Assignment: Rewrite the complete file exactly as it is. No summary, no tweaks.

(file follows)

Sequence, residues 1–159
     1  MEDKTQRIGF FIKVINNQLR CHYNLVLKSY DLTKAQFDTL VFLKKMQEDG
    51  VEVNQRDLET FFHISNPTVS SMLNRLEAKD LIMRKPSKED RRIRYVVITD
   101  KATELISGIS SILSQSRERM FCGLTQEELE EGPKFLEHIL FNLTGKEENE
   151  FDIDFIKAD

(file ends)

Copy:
Sequence, residues 1–159
     1  MEDKTQRIGF FIKVINNQLR CHYNLVLKSY DLTKAQFDTL VFLKKMQEDG
    51  VEVNQRDLET FFHISNPTVS SMLNRLEAKD LIMRKPSKED RRIRYVVITD
   101  KATELISGIS SILSQSRERM FCGLTQEELE EGPKFLEHIL FNLTGKEENE
   151  FDIDFIKAD